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It makes more sense to compare the Due with the Digilent chipKIT Uno32:

http://www.digilentinc.com/Products/Detail.cfm?NavPath=2,892,893&Prod=CHIPKIT-UNO32

The LPC1114 will soon be available in a DIP28 package, NXP gave me some sample chips and I designed a home-made prototyping PCB.

« Last Edit: June 15, 2012, 12:59:05 pm by Leon Heller » Logged

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LPC1114 will soon be available in a DIP28 package
Yes I'd forgotten about that, a 32-bit processor in a simple DIP package will be good.

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I wish there were Xpresso options for the higher-end lines, too (2400, 3200.)
Or the 435x dual core (M4 and M0 processors in the same package), the LED blink program would really fly.

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Digilent chipKIT Uno32:
No matter how hard I try I just can't get enthused about PIC chips, I think it's a deep-seated bias from the days when they first came out and were completely brain dead compared to other chips at the time.

I've just ordered my Xpresso boards, we'll see how they go.

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Rob
« Last Edit: June 15, 2012, 05:47:53 pm by Graynomad » Logged

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the LED blink program would really fly

:-D

Actually, I'm more looking for the ability to use "big boy" tools like pre-emption and memory protection. I can use MIPS for good!

Also, the asymmetric-core option adds a lot of complexity, which pretty much only seems to make sense if you're making something that needs to do a bit of work at low power, and then occasionally do a lot more fancy work. But it's still not to the level where it could drive a UI like, say, an iPhone.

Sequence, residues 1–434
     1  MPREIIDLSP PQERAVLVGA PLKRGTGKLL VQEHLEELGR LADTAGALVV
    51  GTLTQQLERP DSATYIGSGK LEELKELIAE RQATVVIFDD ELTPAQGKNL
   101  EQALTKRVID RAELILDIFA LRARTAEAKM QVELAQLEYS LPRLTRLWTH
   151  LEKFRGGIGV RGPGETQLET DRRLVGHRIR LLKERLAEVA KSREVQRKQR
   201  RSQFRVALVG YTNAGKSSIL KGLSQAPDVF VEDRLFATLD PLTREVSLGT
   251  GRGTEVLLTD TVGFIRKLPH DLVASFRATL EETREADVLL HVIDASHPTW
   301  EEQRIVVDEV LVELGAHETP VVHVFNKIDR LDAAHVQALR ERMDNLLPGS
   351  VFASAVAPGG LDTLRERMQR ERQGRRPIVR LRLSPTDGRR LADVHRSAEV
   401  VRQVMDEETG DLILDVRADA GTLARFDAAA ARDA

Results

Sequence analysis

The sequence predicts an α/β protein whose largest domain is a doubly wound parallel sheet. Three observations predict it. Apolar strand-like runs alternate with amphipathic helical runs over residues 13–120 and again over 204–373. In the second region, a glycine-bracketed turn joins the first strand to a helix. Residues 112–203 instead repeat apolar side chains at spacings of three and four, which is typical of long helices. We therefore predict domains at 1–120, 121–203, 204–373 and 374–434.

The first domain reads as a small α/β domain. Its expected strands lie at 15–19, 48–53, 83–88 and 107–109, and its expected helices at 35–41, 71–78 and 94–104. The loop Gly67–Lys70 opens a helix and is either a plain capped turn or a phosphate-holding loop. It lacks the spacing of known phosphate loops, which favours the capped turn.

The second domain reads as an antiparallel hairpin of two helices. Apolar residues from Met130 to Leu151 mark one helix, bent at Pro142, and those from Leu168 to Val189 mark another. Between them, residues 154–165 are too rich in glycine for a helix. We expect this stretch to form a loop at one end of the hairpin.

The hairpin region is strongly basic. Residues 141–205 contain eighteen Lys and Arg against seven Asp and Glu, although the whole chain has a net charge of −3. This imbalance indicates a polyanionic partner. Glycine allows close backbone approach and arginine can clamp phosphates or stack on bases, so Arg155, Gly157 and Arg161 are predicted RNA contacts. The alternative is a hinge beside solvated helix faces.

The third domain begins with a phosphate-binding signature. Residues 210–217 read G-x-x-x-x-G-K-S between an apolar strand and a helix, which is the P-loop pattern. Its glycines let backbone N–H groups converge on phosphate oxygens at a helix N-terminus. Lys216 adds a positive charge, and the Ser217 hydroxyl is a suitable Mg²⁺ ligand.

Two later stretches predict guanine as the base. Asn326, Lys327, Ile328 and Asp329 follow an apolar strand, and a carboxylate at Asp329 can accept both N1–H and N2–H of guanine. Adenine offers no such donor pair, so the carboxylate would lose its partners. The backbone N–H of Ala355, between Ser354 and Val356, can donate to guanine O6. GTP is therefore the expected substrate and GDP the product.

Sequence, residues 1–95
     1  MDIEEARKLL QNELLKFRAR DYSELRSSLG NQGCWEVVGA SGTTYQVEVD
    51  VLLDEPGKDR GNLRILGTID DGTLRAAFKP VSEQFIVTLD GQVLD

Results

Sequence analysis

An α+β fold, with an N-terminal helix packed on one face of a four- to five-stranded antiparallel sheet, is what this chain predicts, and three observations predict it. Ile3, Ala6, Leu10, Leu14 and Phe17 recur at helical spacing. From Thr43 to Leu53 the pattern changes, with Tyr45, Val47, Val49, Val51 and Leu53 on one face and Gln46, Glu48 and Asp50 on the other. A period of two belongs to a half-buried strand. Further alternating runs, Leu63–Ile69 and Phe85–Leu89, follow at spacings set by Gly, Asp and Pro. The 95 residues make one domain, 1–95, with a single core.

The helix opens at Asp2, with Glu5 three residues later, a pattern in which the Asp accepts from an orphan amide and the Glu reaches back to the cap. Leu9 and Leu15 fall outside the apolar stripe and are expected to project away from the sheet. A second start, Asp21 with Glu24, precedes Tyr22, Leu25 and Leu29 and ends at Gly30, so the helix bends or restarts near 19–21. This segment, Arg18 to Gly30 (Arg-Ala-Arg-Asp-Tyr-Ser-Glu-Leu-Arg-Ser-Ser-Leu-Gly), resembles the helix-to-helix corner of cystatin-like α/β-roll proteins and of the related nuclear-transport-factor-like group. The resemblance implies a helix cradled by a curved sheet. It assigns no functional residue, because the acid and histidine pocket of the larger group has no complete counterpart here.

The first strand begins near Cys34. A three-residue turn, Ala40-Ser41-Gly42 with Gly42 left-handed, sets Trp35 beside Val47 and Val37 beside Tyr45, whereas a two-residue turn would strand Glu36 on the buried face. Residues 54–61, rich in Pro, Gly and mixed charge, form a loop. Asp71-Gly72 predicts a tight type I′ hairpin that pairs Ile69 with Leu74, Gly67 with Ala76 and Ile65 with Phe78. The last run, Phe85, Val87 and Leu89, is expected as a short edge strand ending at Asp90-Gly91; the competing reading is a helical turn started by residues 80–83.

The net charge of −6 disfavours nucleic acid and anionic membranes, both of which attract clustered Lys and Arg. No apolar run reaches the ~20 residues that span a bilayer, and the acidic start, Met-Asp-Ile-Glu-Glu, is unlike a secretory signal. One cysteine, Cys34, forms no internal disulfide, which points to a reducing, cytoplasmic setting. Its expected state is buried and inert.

As for another option: The Raspberry Pi is kind-of-sort-of shipping, we'll-have-volume-soon scout's-honor style!
For $25 (or $35 with Ethernet) it'll do a *lot* of what these boards are doing. Drawback: I'll have to solder the GPIO jumpers myself, and it's kind-of light on board-level peripherals (SPIs, ADCs, and whatnot.)
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Aaand now that I look more at the Xpressos, you can't use any Linux tools with them. They seem locked to the Code Red trial tools. Blech.
The mbed seems better, and more expensive. If I go that way, I might as well go for a full BeagleBone. Or wait for the Due. Or wait for the Raspberry Pi...
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The NGX LPCXpresso boards are used with the Coocox tools instead of the Code Red software:

http://shop.ngxtechnologies.com/index.php?cPath=21&osCsid=b1aaee725855798e1de88791d40aa41a

They sent me some of their boards for review (I run the LPC2000 Yahoo group). They are very good value, and the Coocox software seems to work just as well as that from Code Red, and doesn't have any restrictions. Both are based on gcc.
« Last Edit: June 26, 2012, 02:55:35 am by Leon Heller » Logged

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the Coocox software seems to work just as well as that from Code Red

That's interesting to hear! Does it run from make files on Linux?
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Linux isn't supported, only Windows.
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Leon Heller
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While both SAM3X8E and LPC1768 include an Ethernet MAC, only LPC Xpresso seems to have an Ethernet PHY chip onboard.
This means that LPC Xpresso requires only an RJ-45 (with magnetics) connector, while Arduino Due would require a special Ethernet Due Shield so as to use the MCU's embedded Ethernet.

(judging only by the Arduino Due photos and not the final product, so if someone has more info, please enlighten us)
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so if someone has more info, please enlighten us)
Good luck with that smiley

______
Rob